simpleD's avatar

Two advantages of making a clone then using it to restore your user data and settings:
1. You’ve got an easy to restore backup if the install fails.
2. All your network settings, email and calendar data, and other data migrate seamlessly.

nashish's avatar

@simpleD Ah, I understand now… I would hate to re-do my network settings and all of that again. I’ll try making a clone tonight.

derekpaperscissors's avatar

@simpleD I’m confused, won’t Time Machine take care of my apps, user data, and settings after i do an erase and install snow leopard? Or do I have to use SuperDuper or CarbonCopyCloner for that? I’m thinking of getting snow leopard but I don’t want the hassle of retweaking settings, and reinstalling apps.

StellarAirman's avatar

Then just do the upgrade. There’s really no technical reason not to. It’ll work fine.

derekpaperscissors's avatar

@StellarAirman Ayt, thanks. Growing up with a PC, I still find myself double checking that stuff like this can’t be as simple as they have you believe =p

StellarAirman's avatar

Yeah I had the same problem of overcomplicating everything after I switched. It’s of course a good idea to have a backup of your HD just in case something goes wrong before upgrading, but you should have a current backup all the time anyway.

simpleD's avatar

@derekpaperscissors: Time Machine does provide a great backup solution, but it is difficult to restore more than a few files from at a time. The SuperDuper! or CarbonCopyCloner solution I’m suggesting is the best method for doing a clean install onto a newly formatted disk, and easily bringing back your user data and settings. It does take more time and effort, but it will ensure that you’ll be off to a good start with the new OS.

I would not do an upgrade, as @StellarAirman suggests. In reality, it should work fine, and if you’re more comfortable with that method, you should do it. But 10.6 is a major rewrite over 10.5, removing GB worth of code. I wouldn’t want to take the chance of writing awesome new code on top of potentially conflicting and corrupted code.

nashish's avatar

OK, folks, I got my copy of Snow Leopard in the mail and installed, and I am ready to report on how it went:

So, I followed the suggestion to make a bootable clone of Mac OS X 10.5.8 before installing the new OS, 10.6. I did that last night and verified that it was working.

When I got my of 10.6 in today, I booted up the disk, and tried to install it. I saw no “reformat and install” option available, so I loaded up the “Disk Utility” application off the Snow Leopard DVD, and reformatted my hard disk. With that complete, I was able to install 10.6 fresh!

After 10.6 finished its installation, it asked me if I had another Mac that I would like to migrate data from. I told it to copy from the clone I had made, thus restoring all of my settings, applications, etc. That saved me a bunch of time! All of my applications seem to be working still.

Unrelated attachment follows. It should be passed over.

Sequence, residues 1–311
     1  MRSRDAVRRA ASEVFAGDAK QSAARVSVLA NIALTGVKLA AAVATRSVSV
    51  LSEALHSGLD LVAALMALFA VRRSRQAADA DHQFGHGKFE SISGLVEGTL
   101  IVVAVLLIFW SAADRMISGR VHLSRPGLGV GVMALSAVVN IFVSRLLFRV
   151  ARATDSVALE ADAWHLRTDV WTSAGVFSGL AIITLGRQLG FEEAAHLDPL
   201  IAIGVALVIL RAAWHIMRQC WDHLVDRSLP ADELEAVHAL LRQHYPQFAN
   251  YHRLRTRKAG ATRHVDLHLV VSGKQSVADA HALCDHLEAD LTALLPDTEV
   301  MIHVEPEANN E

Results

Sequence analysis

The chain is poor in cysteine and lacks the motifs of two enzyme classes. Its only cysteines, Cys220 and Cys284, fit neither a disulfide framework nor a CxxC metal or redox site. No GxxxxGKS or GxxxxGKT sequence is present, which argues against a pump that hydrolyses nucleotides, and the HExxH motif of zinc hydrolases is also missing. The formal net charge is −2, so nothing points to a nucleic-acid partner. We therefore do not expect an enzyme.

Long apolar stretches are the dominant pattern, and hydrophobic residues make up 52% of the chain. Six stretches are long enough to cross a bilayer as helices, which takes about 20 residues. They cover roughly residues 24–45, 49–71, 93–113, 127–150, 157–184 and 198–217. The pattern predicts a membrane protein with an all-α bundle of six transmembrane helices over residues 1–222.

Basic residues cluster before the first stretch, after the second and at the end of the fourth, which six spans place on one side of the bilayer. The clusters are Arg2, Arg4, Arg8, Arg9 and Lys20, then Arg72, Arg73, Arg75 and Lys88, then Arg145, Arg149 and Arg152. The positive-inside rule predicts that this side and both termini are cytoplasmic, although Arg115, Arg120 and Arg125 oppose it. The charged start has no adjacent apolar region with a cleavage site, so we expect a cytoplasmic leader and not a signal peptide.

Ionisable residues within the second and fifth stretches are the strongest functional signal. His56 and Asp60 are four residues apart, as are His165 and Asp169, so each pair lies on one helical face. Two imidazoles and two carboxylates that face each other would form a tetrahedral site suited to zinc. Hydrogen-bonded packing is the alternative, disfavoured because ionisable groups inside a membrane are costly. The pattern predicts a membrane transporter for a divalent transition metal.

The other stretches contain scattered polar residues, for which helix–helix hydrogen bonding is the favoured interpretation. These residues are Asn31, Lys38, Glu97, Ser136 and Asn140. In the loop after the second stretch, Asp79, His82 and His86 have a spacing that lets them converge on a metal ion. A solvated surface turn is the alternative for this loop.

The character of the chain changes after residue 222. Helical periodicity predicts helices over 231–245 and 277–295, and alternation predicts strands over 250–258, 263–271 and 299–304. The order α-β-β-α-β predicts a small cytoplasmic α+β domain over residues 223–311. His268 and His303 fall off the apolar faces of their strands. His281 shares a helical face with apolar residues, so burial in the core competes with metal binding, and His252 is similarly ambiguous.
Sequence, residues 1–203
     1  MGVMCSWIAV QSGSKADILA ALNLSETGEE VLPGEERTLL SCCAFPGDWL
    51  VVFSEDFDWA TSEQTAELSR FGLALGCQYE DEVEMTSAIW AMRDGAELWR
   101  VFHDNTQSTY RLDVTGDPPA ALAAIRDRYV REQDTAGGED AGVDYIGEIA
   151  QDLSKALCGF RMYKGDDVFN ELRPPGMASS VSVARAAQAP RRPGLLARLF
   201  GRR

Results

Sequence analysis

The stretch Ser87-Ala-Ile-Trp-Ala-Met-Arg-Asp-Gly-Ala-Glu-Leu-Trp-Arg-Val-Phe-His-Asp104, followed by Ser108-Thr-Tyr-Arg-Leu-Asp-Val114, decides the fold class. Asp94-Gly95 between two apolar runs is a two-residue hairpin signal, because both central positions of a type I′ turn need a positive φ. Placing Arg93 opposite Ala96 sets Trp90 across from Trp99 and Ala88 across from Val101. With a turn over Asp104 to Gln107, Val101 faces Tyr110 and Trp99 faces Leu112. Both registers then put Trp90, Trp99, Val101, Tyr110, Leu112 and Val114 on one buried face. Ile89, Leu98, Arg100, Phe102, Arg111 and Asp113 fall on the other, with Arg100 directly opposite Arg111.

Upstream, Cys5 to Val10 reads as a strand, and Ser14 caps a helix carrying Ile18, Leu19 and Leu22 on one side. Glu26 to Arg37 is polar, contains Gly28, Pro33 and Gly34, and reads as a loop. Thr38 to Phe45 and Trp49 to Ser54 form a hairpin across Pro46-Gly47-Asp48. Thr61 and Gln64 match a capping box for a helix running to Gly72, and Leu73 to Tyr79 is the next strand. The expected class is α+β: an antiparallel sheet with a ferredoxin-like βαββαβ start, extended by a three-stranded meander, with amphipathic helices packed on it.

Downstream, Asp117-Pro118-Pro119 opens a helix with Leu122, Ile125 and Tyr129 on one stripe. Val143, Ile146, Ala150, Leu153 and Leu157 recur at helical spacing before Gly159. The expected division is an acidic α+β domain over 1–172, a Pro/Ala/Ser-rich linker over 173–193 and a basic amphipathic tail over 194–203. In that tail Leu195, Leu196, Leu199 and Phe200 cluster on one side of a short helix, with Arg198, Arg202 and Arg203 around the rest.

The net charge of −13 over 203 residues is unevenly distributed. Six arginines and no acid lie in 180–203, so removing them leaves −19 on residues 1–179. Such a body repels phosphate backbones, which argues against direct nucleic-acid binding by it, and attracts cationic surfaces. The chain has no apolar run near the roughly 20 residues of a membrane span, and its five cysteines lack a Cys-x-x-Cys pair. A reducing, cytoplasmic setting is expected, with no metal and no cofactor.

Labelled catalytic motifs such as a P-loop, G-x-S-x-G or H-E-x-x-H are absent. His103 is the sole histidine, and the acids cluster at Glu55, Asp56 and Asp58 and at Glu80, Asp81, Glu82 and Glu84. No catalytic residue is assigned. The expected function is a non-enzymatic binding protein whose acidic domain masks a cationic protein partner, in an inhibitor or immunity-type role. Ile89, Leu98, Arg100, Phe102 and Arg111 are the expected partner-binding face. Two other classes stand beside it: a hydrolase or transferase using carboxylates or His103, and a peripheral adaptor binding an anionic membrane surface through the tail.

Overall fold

The only issue I seem to be having is printing to PDF using Adobe Acrobat. Otherwise things seem to be working great.

I have confirmed for myself that the Snow Leopard disk is indeed a full-fledged OS, and not just an upgrade for Leopard. I was not prompted to verify my copy of Leopard. It just installed 10.6 from the DVD itself.

StellarAirman's avatar

I think John Gruber put it best, as usual, about why doing an erase and install is voodoo and has no real benefit.

Sure if you already have tons of stuff on your computer that you don’t really want and just want to start over, do it, but there is no reason to not upgrade if you like things how they are now.

I did an erase and install of Leopard a few months ago because I hadn’t done an erase and install for about 4 years and had migrated across a few Macs, etc. Just cleaned out a bunch of old apps I didn’t need, etc. But there wasn’t a huge magical speed increase like there is when you do that with Windows. I’ve done the upgrade on dozens if not hundreds of Macs when I worked at an Apple store and have never seen a problem.

simpleD's avatar

Thanks for the link to the Gruber article, @StellarAirman. I value his expertise and knowledge. The default upgrade will work. But, a major OS install is a great opportunity to clean house. Reformatting ensures that any corruption to the directory caused by hard crashes or misbehaving apps will be removed. And any system files and caches planted by 3rd party apps and unknown to the Apple installer will also be removed.

It’s probably more peace-of-mind for me than it is technically necessary, but it’s the way I’m most comfortable with. Other’s may feel differently.

StellarAirman's avatar

Just upgraded my Mac Pro, running great and freed up 12GB of space. Nice!

ctferrarajr's avatar

just upgraded an all works well